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Will Lower Housing Growth Lead to Lower Housing Activity?

April 24, 2017


Our expectations for meaningful first-quarter economic growth are low. We’re not alone in our sour sentiment. Many economists — those at the Atlanta Federal Reserve Bank, Goldman Sachs, and the International Monetary Fund — also expect little in the way of economic growth. Anything above 2% (annualized) for the quarter would be a minor miracle. 

Many segments of the economy have fallen into inertia. Of greater immediate concern, sentiment has turned less optimistic in the one segment that has continually chugged ahead for the past five years. 

Housing has led the economy since 2012. Over that time, home-builder optimism has trended in one direction — up. The trend took a detour in April. The home-builder sentiment index posted at 68 for the month. The posting is still positive, but not as positive as in March. 

It’s understandable that home builder sentiment should slip given the recent data on housing starts.

The first quarter ended with a thud, with starts dropping 6.8% month over month to 1.215 million an annualized rate (1.5 million is the historical long-term average) in March. This was the weakest posting since November. The drop in starts dropped quarter-over-quarter growth to break even. A meaningful pickup in starts might not arise until the more distant future. Permits for single-family starts fell 1.1% month over month.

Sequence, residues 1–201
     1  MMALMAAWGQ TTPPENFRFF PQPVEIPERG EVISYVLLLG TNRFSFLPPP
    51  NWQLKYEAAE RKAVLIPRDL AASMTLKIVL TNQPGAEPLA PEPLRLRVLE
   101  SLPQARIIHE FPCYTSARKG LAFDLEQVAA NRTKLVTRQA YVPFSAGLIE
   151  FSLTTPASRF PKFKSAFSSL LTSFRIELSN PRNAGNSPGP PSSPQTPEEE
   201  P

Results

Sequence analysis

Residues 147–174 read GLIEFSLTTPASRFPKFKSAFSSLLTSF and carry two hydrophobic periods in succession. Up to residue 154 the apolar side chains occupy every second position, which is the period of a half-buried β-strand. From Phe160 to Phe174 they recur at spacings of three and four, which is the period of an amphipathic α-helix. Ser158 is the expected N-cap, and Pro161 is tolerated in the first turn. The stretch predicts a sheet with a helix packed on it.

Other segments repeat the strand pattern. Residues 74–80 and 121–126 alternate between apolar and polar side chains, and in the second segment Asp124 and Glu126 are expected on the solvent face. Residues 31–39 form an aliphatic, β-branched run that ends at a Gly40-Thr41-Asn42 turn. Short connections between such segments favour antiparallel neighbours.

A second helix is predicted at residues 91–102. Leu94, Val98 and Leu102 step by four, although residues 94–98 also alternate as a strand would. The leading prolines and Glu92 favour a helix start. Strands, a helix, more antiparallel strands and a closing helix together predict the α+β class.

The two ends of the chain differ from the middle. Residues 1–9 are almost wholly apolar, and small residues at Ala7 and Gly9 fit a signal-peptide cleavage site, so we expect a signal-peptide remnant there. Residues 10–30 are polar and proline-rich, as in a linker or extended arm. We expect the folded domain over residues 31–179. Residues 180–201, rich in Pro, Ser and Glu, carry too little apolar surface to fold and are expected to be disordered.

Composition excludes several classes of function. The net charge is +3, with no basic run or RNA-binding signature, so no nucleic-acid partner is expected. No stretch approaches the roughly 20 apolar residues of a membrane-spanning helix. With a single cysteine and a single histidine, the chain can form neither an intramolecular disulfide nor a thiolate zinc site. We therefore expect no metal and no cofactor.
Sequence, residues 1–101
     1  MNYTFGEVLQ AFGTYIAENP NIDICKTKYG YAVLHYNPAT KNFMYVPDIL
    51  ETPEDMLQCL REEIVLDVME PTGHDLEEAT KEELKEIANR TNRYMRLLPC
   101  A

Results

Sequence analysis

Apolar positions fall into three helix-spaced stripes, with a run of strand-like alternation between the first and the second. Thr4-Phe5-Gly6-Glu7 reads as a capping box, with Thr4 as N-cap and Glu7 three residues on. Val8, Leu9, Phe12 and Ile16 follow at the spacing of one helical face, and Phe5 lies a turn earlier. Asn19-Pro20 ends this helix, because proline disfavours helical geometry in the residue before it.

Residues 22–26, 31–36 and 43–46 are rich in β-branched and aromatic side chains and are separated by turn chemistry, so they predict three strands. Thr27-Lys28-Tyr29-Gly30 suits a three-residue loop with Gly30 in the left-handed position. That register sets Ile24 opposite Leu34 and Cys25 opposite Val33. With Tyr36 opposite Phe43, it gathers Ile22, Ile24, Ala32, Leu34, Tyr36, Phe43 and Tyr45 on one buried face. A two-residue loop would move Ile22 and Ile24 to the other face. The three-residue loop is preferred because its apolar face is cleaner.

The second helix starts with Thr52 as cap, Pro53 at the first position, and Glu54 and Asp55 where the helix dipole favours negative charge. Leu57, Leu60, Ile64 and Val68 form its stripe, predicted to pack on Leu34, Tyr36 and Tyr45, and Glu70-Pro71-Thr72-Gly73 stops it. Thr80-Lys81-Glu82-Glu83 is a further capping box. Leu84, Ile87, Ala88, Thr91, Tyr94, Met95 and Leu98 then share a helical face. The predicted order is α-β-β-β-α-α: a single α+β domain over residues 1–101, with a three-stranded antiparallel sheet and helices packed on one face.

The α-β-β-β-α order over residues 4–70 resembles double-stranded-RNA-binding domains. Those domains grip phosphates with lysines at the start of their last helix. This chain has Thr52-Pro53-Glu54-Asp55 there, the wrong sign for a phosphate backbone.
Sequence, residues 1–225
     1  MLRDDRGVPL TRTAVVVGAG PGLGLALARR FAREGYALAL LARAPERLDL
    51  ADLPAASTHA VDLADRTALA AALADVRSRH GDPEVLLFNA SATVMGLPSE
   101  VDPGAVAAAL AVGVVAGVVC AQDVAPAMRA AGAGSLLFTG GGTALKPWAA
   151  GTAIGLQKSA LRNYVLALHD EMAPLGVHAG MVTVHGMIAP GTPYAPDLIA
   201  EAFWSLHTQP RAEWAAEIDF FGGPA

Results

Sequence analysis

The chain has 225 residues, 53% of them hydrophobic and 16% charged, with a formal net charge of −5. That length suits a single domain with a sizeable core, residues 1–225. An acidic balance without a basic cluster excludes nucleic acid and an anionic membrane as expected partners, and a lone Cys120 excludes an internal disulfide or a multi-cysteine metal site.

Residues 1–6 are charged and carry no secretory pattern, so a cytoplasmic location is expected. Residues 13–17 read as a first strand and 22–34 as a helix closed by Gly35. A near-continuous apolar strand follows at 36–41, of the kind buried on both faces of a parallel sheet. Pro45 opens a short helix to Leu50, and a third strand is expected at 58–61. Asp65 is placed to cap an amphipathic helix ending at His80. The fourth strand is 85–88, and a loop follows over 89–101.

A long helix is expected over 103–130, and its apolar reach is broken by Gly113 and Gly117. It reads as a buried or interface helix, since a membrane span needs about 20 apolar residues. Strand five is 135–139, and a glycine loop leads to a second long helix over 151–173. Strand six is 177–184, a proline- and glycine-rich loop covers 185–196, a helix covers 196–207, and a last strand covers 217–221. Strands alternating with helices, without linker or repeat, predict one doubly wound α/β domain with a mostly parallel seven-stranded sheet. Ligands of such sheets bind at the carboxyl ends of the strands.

Of course, one month of data neither makes nor breaks a trend. Starts can be notoriously volatile month to month. Still, we’re eager to see starts regain traction. New-home construction, and all the ancillary businesses it supports, is vital to sustaining what little economic growth is occurring. With many segments of the economy underperforming, the one reliable engine — housing — needs to keep things moving in the right direction. 

We’re also eager to see an upshot in corporate earnings — another indicator of a straightening economy. So far, the numbers are encouraging. Data provider FactSet reports that 6% of the companies that compose the S&P 500 have reported first-quarter financial results. Seventy-six percent of these companies have beaten the mean earnings-per-share estimate; 59% have beaten the mean sales estimate.

The economy might be sputtering at the moment, but we’re still optimistic that we could see it hitting on all cylinders before the year is over.  

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